The attack infuriated the Kremlin. Ukrainian officials have not said who carried it out.

Russian state television channel Rossia-24 showed video of President Vladimir Putin driving a vehicle across the bridge.

3:18 p.m.: It is "immoral" for Hungary to hold up a European Union deal on 2023 financing for Ukraine to extract approval for Budapest's recovery plan and billions from the EU budget, Lithuanian Finance Minister Gintare Skaiste told Reuters on Monday.

Hungary has been blocking an EU plan to provide 18 billion euros next year in financial help to war-torn Ukraine through the EU budget, which would make disbursements regular and predictable, allowing the Kyiv administration to plan ahead.

2:05 p.m.: Russia said on Monday that three of its military personnel were killed in what it said were Ukrainian drone attacks on two Russian air bases hundreds of miles from the front lines in Ukraine, Reuters reported.

Ukraine did not directly claim responsibility. If it did carry out the attacks, they were the deepest military strikes it has conducted inside the Russian heartland since Moscow invaded on February 24.

One of the targets, the Engels air base near the city of Saratov, houses bomber planes that are part of Russia's strategic nuclear forces.

1:05 p.m.: Energy facilities in three Ukrainian regions were hit by Russian strikes on Monday but the nationwide power system remains functioning and intact, Ukraine's prime minister said.

Prime Minister Denys Shmyhal wrote on the Telegram messaging app that energy facilities in the Kyiv, Vinnytsia and Odesa regions had been hit and that emergency power cuts persisted in some regions as a result.

12:45 p.m.: Russia rained long-range missiles on Ukraine on Monday, killing two people, destroying homes in the southeast and causing power outages, but Kyiv said its air defenses had limited the damage, Reuters reported.

Air raid sirens blared across the country and men, women and children huddled in the capital's cavernous metro system to take cover during the latest big wave of missile strikes since its February 24 invasion of Ukraine.

The air force said that over 60 of the more than 70 missiles fired at Ukraine had been shot down. "Our guys are awesome," Andriy Yermak, head of the Ukrainian presidential staff, wrote on Telegram.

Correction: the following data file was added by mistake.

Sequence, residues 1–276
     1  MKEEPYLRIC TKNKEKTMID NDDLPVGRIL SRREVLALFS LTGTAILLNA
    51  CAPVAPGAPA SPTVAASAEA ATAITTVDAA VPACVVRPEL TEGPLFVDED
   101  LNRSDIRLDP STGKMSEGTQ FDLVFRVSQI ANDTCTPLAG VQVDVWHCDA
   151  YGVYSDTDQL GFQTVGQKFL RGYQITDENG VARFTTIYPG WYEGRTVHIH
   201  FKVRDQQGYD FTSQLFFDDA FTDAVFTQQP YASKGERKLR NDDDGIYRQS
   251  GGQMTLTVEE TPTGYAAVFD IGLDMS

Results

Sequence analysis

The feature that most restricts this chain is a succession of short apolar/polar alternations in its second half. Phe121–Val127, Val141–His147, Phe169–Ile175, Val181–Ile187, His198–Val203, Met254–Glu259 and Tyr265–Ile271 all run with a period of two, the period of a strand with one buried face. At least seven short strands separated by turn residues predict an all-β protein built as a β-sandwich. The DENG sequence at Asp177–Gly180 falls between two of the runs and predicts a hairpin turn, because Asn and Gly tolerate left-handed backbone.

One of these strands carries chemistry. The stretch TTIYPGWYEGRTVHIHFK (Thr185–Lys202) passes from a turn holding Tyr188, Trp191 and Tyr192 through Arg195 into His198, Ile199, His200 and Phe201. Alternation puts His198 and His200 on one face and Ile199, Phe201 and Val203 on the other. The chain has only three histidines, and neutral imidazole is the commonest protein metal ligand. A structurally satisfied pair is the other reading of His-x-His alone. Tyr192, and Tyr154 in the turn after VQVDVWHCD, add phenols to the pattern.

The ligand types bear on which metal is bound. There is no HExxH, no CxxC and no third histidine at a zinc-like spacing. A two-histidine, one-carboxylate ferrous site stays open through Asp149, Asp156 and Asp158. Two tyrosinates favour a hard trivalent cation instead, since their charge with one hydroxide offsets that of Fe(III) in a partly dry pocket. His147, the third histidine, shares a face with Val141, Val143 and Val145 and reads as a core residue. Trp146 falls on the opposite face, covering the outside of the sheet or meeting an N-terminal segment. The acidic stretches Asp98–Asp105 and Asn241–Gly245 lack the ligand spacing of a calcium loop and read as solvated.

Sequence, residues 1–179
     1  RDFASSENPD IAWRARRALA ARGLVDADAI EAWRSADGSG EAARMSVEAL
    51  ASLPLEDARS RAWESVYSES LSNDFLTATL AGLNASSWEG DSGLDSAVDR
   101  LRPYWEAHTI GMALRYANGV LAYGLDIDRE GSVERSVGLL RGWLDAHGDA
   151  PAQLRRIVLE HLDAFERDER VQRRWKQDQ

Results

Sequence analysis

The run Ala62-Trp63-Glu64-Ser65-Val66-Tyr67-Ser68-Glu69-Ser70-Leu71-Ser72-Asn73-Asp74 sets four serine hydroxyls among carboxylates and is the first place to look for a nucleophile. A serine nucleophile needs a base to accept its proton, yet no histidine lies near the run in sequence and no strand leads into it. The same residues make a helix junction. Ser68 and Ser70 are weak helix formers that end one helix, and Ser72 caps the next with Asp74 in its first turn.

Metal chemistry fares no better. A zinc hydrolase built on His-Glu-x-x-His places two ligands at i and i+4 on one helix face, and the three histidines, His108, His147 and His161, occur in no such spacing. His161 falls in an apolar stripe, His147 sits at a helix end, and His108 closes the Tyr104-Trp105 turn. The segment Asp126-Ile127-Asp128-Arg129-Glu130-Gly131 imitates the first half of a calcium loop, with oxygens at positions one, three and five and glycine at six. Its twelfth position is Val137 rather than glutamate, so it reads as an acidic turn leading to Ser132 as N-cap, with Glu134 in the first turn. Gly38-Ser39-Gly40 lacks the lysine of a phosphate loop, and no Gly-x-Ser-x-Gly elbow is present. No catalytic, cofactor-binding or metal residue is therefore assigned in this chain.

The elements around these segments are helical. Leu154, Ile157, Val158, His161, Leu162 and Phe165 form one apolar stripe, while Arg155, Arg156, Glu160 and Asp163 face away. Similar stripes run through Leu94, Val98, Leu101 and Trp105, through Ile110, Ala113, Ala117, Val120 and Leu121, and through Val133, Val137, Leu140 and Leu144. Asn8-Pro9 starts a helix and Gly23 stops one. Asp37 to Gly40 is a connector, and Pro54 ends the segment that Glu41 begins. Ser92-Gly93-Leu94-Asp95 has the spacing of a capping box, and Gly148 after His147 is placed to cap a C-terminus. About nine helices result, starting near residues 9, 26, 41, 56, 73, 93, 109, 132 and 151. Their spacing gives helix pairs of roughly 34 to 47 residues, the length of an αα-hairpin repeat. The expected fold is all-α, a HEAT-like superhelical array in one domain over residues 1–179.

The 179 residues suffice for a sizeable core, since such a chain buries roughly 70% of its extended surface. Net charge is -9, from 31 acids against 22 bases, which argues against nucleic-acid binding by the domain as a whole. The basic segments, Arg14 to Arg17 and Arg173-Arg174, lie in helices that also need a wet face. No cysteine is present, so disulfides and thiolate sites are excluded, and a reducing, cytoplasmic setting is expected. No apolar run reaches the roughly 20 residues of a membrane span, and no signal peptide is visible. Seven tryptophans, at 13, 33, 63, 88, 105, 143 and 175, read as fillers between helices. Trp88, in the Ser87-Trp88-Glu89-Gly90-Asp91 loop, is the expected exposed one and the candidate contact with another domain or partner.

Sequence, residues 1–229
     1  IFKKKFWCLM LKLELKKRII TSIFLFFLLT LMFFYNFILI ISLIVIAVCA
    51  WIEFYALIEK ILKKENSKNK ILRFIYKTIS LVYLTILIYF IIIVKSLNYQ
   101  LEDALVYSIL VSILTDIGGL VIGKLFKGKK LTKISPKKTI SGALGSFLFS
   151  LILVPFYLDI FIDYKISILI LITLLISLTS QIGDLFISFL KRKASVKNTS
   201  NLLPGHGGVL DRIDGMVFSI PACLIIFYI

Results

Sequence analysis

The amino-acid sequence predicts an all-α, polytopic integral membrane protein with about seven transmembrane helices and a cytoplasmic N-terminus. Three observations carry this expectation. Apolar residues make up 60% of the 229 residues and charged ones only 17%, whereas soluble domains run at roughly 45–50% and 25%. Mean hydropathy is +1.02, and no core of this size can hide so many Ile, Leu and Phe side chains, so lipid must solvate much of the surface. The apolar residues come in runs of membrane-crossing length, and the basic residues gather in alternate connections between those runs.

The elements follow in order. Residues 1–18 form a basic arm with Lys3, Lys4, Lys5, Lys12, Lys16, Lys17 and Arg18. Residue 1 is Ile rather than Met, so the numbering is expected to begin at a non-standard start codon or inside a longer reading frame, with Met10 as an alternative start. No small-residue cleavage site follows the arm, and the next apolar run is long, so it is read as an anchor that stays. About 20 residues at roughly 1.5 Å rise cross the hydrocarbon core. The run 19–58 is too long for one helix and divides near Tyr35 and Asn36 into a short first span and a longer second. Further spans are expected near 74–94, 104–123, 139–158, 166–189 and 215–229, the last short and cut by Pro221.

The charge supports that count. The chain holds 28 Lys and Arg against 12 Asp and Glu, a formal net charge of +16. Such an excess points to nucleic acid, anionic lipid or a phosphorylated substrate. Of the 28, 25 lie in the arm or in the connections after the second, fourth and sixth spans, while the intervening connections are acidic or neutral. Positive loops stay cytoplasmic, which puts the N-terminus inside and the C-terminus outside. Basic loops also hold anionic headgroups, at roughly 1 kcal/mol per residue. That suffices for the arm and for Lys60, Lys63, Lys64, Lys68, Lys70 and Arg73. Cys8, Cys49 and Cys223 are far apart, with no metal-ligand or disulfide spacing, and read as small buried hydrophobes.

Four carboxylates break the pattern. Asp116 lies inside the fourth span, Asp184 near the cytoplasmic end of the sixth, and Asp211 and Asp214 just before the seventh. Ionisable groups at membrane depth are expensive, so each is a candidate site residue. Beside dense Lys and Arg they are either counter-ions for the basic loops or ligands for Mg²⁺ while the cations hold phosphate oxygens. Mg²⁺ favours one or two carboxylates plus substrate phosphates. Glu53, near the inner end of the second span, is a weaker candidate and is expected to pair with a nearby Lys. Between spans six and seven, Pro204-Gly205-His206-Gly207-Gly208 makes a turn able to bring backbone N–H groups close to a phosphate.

After an hours-long air raid alert ended, Zelenskyy told Ukrainians that air defenses had "shot down most of the missiles." Kyiv officials said that nine out of 10 missiles fired at the capital had been shot down.

12:20 p.m.: Reuters photographers witnessed 2022’s most important events, from the horrors of war in Ukraine and other armed conflicts to unprecedented natural disasters and from the flight of refugees and migrants to protests around the globe.

Here is a selection of some exceptional Reuters pictures taken in 2022 along with the stories behind the shots, directly from the photographers who took them.

11:50 a.m.: The chief prosecutor of the International Criminal Court on Monday denounced a European Union proposal to create an U.N.-backed special tribunal to prosecute crimes in Ukraine, saying his court was capable of effectively dealing with war crimes committed there, The Associated Press reported.

Karim Khan pushed back against the plan European Commission President Ursula von der Leyen announced last week to establish a special court to prosecute Russia’s invasion of Ukraine.

“The EU has misstated the law,” Khan told reporters, defending his institution’s ability to prosecute high-ranking political figures.

The Hague-based ICC has launched an investigation into war crimes in Ukraine but cannot prosecute the crime of aggression — the act of invading another country — because the Russian Federation is not a signatory to the Rome Statute, the treaty that created the court.

In her announcement, von der Leyen said it was essential to get approval from the United Nations to avoid issues of immunity. Heads of state, such as Russian President Vladimir Putin, are generally considered immune from prosecution while they are in office.

11:25 a.m.: A Russian commander stabbed an elderly Ukrainian woman to death during the chaotic retreat from Izyum in September, according to a soldier in his unit. Evidence of the alleged war crime first emerged from a phone intercept by Ukrainian intelligence in which the soldier described how he heard that two commanders killed civilians. In a later phone call, arranged by Schemes, the investigative project of Radio Free Europe/Radio Liberty's Ukrainian Service, the soldier expressed the opinion that his commander could have chosen not to kill the woman.